Some of the local authorities in the region consider that, should they discover any irregularity related to an outsourcing contract, both parties should be jointly liable for any obligation that was not fulfilled and that might affect the outsourced worker's interest or those of the government.
9. Review terms of the outsourcing contract on a yearly basis.
Given the possibility that there might be claims from employees of outsourcing companies or difficulties in handling personnel assigned to the company, the term of the contract should not exceed one year, so that both parties can review all clauses on a yearly basis and determine whether they should continue the relationship.
Long-term contracts that are not constantly reviewed might create a false impression for the outsourced workers assigned to the customer's company. Therefore it is important to make regular revisions to avoid inappropriate behavior from any of the parties that could generate problems in the future.
The yearly review of the contract's terms should serve as an opportunity to identify possible mistakes in the execution of the contract. For example, one mistake can be the use of outsourced personnel for tasks that are not included in the services agreement that the parties executed. The review can also be an opportunity to audit the price charged by the outsourced company, to make sure it is enough to cover the obligations with the employees, because it is not uncommon to see companies offering a "competitive price" in order to win the contract, which can then affect the outsourced workers' pay and labor rights.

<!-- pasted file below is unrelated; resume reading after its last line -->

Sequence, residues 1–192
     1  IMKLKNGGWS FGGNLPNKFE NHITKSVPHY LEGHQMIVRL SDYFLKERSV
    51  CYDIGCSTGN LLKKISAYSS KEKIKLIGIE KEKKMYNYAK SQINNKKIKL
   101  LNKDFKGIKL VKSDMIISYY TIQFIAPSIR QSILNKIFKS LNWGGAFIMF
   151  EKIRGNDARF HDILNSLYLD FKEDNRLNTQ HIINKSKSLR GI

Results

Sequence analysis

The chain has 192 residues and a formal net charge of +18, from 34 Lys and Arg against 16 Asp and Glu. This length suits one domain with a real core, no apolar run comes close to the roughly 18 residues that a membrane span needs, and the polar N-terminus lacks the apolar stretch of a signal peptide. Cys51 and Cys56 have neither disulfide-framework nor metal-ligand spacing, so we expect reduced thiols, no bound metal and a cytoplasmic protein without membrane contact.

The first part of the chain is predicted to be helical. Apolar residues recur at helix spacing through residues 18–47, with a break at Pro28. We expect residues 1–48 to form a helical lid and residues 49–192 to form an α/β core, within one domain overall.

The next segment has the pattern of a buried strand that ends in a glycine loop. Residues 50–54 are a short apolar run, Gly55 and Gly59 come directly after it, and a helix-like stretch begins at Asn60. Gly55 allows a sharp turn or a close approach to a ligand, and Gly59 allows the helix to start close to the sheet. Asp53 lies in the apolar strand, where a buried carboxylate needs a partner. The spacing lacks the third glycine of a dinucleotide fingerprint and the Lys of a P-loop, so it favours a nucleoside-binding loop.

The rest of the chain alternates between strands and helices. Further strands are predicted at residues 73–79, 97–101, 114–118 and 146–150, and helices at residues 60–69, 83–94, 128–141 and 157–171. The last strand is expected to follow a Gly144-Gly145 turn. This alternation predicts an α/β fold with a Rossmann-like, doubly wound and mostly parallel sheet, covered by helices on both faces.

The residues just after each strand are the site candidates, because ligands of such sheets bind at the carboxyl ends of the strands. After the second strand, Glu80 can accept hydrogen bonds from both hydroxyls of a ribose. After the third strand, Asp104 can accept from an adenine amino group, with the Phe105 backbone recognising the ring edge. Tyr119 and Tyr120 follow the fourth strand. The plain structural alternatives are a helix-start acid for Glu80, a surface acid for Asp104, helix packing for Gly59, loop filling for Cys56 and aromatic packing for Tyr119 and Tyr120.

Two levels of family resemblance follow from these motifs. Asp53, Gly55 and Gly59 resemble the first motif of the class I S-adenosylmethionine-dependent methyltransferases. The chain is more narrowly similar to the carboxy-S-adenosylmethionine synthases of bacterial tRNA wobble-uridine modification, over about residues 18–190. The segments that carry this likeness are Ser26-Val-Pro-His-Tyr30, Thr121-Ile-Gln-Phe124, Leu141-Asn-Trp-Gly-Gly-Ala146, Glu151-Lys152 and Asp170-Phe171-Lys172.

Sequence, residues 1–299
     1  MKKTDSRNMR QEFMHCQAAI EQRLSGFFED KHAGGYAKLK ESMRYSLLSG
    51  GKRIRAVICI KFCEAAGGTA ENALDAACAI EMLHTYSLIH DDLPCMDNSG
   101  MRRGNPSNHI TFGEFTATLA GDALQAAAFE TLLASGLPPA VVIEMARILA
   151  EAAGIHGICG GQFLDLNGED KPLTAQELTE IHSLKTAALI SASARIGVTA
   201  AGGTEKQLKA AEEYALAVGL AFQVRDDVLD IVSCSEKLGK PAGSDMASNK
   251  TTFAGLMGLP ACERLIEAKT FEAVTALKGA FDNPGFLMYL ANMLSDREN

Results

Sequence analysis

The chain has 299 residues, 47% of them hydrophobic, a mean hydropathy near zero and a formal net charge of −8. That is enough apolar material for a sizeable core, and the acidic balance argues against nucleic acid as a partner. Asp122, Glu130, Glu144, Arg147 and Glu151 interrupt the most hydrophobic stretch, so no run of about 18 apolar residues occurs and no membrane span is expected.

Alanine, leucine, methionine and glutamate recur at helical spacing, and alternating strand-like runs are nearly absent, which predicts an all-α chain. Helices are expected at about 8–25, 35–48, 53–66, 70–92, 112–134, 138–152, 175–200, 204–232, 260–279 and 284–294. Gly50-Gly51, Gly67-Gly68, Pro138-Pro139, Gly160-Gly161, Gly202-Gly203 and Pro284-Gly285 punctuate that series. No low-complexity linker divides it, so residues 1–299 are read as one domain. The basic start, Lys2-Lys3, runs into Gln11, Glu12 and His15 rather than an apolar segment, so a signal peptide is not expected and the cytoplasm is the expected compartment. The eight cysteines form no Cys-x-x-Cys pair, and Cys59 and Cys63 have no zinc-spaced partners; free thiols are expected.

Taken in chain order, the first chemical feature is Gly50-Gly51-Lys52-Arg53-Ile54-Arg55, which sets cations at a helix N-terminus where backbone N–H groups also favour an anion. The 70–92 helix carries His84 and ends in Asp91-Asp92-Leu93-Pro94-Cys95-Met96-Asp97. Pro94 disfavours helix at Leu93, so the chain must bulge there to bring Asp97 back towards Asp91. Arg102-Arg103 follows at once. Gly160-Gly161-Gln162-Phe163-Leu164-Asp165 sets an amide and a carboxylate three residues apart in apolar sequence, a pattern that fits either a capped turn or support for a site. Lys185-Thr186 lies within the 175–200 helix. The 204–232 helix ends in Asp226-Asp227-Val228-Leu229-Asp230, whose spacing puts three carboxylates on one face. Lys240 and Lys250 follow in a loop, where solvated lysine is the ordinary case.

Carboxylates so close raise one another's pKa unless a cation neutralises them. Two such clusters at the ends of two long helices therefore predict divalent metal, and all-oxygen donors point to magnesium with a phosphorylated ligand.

10. Rotate as much as possible the outsourced personnel that are assigned to the company.
After a long period of time of rendering services for the same company, it is very easy for an outsourced worker to start thinking that he or she is an employee of the company that hired the outsourcing services company, thereby confusing the "commercial relationship" between the outsourced company and its customer for an employment relationship.
To avoid this situation, it is best to rotate personnel and ask the outsourcing company to periodically change the assigned workers in order to avoid potential claims.
Outsourcing is a very common tool used by companies to cover many non-essential services. Because of the lack of regulation of this type of contract, companies that intend to hire an outsourcing company to provide specific services should implement very clear rules, not only with the outsourcing company (the terms of which should be expressly stated in the services contract), but also within its own company. Doing so will help the company avoid treating the outsourced personnel in a way that might create confusion about the existence of an employment relationship.
One common characteristic in this region is that, according to labor law, even though you may have all documents and contracts establishing the intent or the nature of the company's relationship with the outsourced personnel, the actions of the company and its representatives might be enough to expose the company to liability not only with respect to the outsourced personnel under the labor and employment laws, but also before the labor authorities in charge of enforcing local law.